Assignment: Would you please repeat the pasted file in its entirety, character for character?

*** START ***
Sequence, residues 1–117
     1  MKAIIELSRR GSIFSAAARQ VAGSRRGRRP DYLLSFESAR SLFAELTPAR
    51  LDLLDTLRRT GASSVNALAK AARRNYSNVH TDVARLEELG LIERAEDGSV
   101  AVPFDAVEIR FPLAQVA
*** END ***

Sequence, residues 1–117
     1  MKAIIELSRR GSIFSAAARQ VAGSRRGRRP DYLLSFESAR SLFAELTPAR
    51  LDLLDTLRRT GASSVNALAK AARRNYSNVH TDVARLEELG LIERAEDGSV
   101  AVPFDAVEIR FPLAQVA